The provincial sipahis were different in their origin. The other name was tımarlı Sipahi they were the backbone of the army. They formed the wings of the army.They were grouped as Anatolian and Rumelia. The Anatolian corps were mainly previous fief holders and they had managed to keep it. They were accepted to the ottoman army. With the imperial domination kapıkulus had tımars also, even noncombatant multezims were tımar holders. Initially Rumeli sipahis were mainly natives . Constantine Dejanovic and Marko Kraljevic were tımar holders at Rumelia and they died in 1395 for ottomans in Wallachia. Approximately the christian sipahis consisted 30% of sipahis at Rumelia in the mid 15th century. However most of them accepted Islam and with the 16th century no christian sipahi were left. The total sipahi numbers at a campaign in the mid 16th century was between 30-40000. The most of them were equipped with pistols through the late 16th century. Their number and importance were decreased in the 17th century, infantry were know the primary forces  


Posted By: Beylerbeyi
Date Posted: 12-Jan-2009 at 16:45
Thanks for the useful info, Evrenos.

Quote As we can see the number increased in years , maybe the rising number also could demonstrate the falling quality but I am not so sure.

I think after the wars with Austria (ended in 1606) total number of cavalry in the army was reduced greatly, so the number of the timarli went down and infantry went up, janissaries and other gunpowder infantry as the Ottomans adapted to the new Western warfare. Probably the household cavalry increased along with the Janisarries. The quality naturally went down.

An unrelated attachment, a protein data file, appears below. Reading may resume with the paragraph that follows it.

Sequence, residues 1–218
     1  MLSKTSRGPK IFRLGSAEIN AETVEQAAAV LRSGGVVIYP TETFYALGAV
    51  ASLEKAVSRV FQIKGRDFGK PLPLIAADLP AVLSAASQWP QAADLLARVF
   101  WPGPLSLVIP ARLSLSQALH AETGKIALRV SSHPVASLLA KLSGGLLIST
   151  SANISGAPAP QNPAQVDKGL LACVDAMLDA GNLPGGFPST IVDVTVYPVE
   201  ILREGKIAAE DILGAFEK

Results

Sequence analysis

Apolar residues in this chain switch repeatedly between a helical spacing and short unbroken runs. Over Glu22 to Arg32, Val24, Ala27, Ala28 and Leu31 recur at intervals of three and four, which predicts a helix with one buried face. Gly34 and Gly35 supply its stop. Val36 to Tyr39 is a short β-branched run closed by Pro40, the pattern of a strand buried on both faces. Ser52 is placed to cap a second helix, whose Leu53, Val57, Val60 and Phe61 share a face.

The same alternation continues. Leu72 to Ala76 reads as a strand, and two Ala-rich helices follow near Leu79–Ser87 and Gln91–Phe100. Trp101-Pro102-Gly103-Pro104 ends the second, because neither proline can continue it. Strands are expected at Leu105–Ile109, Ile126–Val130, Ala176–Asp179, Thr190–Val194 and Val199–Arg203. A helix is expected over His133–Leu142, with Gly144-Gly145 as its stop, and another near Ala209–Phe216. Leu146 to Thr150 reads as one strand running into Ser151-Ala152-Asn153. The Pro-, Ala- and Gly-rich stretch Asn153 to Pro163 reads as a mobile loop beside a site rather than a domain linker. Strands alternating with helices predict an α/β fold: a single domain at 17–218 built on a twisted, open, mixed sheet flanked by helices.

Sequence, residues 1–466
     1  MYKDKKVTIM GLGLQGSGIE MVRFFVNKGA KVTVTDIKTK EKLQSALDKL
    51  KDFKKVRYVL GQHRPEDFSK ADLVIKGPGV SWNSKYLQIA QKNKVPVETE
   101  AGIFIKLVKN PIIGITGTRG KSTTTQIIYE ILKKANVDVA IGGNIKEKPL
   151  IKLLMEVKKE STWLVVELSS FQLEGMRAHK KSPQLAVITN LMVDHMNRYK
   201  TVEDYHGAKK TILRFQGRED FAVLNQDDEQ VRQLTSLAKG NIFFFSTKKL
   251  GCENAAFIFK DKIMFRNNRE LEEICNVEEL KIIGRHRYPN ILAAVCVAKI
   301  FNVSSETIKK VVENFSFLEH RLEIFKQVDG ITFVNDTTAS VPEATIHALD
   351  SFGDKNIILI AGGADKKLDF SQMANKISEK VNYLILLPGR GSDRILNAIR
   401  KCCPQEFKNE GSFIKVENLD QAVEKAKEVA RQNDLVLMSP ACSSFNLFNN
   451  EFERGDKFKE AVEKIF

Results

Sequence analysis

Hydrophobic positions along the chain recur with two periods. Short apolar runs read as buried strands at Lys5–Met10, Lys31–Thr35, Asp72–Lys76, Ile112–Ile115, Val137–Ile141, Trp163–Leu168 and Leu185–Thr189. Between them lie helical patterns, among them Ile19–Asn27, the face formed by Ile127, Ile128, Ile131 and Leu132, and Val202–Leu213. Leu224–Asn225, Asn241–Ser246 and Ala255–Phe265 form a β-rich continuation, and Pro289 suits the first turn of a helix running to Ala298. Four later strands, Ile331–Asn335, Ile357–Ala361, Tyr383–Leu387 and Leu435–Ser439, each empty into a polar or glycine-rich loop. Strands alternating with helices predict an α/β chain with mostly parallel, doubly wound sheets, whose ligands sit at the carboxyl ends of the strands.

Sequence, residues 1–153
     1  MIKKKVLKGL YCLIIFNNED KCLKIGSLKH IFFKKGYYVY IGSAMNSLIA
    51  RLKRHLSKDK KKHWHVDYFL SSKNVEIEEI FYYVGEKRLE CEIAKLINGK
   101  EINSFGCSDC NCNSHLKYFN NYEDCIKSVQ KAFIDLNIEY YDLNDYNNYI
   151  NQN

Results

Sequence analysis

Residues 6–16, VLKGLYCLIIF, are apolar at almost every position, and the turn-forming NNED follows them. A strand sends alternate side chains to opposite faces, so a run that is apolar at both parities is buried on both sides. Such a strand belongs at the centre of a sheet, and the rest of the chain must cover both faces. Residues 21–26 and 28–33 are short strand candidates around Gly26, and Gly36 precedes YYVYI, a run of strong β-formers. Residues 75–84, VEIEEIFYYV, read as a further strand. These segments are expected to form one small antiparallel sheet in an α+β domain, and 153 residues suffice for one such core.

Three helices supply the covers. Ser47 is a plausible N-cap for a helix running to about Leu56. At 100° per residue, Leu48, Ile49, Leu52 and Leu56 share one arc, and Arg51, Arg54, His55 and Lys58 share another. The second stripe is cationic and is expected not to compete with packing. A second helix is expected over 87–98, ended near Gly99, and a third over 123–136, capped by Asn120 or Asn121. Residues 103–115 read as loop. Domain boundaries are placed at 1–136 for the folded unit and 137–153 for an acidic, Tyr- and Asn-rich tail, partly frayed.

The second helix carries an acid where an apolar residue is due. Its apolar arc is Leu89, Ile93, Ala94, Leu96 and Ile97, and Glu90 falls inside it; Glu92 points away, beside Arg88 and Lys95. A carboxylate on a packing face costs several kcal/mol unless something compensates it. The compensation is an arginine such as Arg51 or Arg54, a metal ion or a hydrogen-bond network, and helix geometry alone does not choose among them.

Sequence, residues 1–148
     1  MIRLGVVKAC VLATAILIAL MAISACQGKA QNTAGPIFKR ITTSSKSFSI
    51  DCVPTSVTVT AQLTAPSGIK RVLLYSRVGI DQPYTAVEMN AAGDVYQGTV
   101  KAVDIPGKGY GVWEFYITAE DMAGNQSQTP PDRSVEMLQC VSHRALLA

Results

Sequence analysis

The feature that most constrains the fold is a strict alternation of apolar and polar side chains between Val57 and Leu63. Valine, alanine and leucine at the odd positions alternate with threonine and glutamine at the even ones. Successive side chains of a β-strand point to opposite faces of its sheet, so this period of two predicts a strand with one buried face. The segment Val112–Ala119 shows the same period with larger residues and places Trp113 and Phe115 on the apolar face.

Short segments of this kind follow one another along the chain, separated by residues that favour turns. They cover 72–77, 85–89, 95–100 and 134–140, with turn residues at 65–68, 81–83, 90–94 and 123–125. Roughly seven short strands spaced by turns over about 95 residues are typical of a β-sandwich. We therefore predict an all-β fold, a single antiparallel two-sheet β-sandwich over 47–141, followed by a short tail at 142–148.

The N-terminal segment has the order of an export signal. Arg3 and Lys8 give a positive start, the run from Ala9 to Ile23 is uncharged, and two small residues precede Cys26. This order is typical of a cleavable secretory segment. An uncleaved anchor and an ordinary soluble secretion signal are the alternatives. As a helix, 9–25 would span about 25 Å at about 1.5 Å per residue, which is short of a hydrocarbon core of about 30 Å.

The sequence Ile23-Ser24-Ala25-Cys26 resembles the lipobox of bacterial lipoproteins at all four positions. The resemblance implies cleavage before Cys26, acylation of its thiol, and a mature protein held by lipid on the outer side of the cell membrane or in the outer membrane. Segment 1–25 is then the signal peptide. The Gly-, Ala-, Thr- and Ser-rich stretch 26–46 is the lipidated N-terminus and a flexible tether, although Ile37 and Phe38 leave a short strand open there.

Also after 1600,  the country became less centralised, which means that local lords gained power and incorporated individual timars.


-------------
Always try to be as radical as reality itself. - Lenin


Posted By: Evrenosgazi
Date Posted: 12-Jan-2009 at 19:49
Originally posted by Beylerbeyi Beylerbeyi wrote:

Thanks for the useful info, Evrenos.

Quote As we can see the number increased in years , maybe the rising number also could demonstrate the falling quality but I am not so sure.

I think after the wars with Austria (ended in 1606) total number of cavalry in the army was reduced greatly, so the number of the timarli went down and infantry went up, janissaries and other gunpowder infantry as the Ottomans adapted to the new Western warfare. Probably the household cavalry increased along with the Janisarries. The quality naturally went down. 

Also after 1600,  the country became less centralised, which means that local lords gained power and incorporated individual timars.
In 1596 Ottomans occupied Eger and when they were returning home their way was cut down by Habsburgs. Two army set against and wait for to fight. The first 2 days were clashs between the vanguard and in the 3rd day the ottoman army start to lost its cohesion and the imperial army started to penetrate through the encampment. The sipahis were one of the first who flee from the field. While the habsburgs were ravaging the ottoman camp Cağaloglu Sinan Pasa(The Cigalla`s from Genoa) attacked the habsburgs and win the war for the ottomans. Cağaloğlu Sinan Pasa disbanded a lot of sipahi after this battle and they were the major population who consisted the Celalis. This was the first splitting of sipahis from the state and their official decrease of importance


Posted By: Evrenosgazi
Date Posted: 12-Jan-2009 at 19:50
By the way this battle was the battle of Kerestes(Haçova)